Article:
But how exactly can CBD improve the quality of one’s life? To answer this question, we have to take a closer look at the characteristics of cannabidiol.

Why CBD matters in your body

Like we said, the endocannabinoid system exists to maintain homeostasis in the body. It responds to endogeneous cannabinoids produced by humans, but researchers have discovered that ECS reacts to cannabinoids from outside sources, too.

By interacting with CB1 receptors in the body, CBD increases the levels of 2-AG ,one of the endocannabinoids. Like cannabidiol, 2-AG interacts with the endocannabinoid receptors. Its increased production boosts the overal effect on your health.

More interestingly, the contribution to the endocannabinoid system isn’t the only way CBD can affect the body. For instance, CBD taps to a G-protein receptor, also known as TRPV. This receptor controls the body temperature, impacts perceptions of pain, reduces inflammation, and improves the activity of serotonin receptors.

The Benefits of CBD

CBD has shown great promise as an alternative help for people struggling with a plethora of health concerns. Anecdotal evidence and preclinical research indicates that cannabidiol may succeed where the pharmaceutical treatment fails. On top of that, hemp-derived CBD is completely safe because it contains little to no THC. Therefore, it’s non-intoxicating.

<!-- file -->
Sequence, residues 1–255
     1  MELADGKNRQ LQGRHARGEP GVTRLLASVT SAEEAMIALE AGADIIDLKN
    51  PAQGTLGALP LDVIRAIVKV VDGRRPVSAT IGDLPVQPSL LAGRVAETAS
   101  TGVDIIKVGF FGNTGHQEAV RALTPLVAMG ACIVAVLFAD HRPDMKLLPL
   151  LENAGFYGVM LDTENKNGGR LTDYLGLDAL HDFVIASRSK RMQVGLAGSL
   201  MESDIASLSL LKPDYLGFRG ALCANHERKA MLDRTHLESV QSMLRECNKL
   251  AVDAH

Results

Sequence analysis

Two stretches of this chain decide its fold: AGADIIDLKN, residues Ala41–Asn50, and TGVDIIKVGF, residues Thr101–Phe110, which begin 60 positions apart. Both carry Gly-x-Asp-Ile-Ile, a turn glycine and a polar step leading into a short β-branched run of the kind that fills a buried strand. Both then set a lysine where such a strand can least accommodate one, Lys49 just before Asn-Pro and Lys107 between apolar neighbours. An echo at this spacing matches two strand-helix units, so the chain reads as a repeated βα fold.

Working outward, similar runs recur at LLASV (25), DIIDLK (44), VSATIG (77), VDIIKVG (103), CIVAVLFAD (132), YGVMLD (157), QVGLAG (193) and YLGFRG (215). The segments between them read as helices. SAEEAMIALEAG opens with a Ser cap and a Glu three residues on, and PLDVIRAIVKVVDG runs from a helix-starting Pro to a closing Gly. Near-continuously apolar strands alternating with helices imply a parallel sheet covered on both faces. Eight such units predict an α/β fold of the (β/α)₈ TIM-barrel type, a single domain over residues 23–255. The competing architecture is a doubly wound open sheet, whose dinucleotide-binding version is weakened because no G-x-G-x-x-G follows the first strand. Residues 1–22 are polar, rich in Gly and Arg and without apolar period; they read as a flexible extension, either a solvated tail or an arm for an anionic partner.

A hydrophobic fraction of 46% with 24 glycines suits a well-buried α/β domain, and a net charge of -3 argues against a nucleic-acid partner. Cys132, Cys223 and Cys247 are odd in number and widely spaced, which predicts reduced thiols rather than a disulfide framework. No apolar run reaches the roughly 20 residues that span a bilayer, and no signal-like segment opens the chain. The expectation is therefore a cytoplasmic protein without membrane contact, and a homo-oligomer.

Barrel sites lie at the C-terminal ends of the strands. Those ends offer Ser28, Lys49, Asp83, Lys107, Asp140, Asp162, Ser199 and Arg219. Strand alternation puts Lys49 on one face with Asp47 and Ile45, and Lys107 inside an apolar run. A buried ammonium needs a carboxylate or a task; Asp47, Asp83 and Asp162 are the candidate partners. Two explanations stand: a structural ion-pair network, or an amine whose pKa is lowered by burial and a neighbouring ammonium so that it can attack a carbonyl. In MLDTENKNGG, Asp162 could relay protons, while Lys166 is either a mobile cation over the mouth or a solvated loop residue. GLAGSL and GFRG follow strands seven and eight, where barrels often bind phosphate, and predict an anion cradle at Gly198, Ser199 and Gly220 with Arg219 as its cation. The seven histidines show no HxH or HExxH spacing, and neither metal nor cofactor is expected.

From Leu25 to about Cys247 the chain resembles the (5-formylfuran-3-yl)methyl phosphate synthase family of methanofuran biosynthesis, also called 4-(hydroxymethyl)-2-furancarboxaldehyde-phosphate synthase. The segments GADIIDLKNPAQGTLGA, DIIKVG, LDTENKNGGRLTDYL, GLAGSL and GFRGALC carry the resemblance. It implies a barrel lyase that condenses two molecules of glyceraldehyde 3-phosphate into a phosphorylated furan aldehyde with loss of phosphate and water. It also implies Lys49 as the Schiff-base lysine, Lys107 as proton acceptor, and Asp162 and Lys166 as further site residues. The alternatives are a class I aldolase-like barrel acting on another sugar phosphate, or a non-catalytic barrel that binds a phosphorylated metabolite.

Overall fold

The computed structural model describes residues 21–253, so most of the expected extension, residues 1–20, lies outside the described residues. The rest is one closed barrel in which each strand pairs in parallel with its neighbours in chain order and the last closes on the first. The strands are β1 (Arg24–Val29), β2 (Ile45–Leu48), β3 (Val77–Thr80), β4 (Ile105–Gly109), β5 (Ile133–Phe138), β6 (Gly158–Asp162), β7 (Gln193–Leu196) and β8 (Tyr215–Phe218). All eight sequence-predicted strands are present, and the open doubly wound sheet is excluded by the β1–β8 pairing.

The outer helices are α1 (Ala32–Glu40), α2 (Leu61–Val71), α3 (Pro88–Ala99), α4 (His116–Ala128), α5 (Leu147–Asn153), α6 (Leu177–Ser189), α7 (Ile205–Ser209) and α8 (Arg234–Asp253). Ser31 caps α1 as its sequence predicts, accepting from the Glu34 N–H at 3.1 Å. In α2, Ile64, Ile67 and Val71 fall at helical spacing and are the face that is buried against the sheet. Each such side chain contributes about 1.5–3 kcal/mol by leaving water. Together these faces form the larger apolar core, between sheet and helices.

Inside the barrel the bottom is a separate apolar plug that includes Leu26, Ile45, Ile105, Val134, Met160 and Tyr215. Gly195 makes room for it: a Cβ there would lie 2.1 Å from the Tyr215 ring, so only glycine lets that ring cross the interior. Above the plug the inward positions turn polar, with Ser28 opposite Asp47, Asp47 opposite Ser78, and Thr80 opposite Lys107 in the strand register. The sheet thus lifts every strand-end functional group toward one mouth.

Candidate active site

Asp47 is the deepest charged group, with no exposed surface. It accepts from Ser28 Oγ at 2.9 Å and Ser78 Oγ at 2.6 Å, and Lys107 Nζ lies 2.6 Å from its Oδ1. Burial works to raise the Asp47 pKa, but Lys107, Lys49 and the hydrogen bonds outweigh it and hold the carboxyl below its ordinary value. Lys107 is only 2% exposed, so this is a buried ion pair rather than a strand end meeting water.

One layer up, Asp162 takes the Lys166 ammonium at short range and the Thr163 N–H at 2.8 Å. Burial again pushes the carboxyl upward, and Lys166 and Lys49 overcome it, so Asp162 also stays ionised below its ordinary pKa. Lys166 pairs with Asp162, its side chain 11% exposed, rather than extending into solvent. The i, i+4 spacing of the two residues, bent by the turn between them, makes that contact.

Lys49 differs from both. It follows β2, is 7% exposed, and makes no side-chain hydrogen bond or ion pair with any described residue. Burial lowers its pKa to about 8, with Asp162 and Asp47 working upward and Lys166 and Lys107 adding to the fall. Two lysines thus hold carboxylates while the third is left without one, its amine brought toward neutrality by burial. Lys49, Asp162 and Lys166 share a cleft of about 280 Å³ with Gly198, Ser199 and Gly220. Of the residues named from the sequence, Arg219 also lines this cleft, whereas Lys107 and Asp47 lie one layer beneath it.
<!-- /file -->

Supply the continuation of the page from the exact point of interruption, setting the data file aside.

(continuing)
Because cannabidiol interacts with CB1 receptors, which are found in high concentrations in the immune and nervous systems, the cannabinoid can:

  • Reduce inflammation
  • Relieve pain
  • Combat anxiety
  • Regulate hormone levels
  • Control appetite
  • Boost metabolism

And much, much more – although we still need more in-depth clinical research on the use of cannabis for the above conditions to prove the anecdotal evidence right.

Patients who decide to start their adventure with CBD report significant improvements in mood, stress reduction, and a clear-headed state of mind.

Speaking of which…

There is a common misconception about CBD, namely that the cannabinoid is not psychoactive. In fact, it affects the mind by reducing anxiety, controlling the sleep cycle, etc. That being said, it makes it totally psychoactive. The word that we should use to describe the effects of CBD is “non-intoxicating”.

The future of CBD

Many patients who approach CBD for the first time don’t have a clue about the endocannabinoid system. However, as they learn more about this complex construct and the way CBD interacts with ECS, they begin to understand the health benefits of using cannabidiol-based products.

Above all, CBD is safe; it won’t get you high, you can’t overdose on CBD, and the side effects involve a dry mouth or drowziness in the worst case scenario. Hemp-derived cannabidiol is legal in all 50 states, which makes it an easily-accessible medication.

We need more in-depth research in order to discover the true medicinal potential of CBD. Nonetheless, current studies and self-reports from patients and recreational users makes us feel like there’s a bright future ahead of CBD.

When did you learn about the endocanabinoid system? Can you relate to any of the effects described in the article?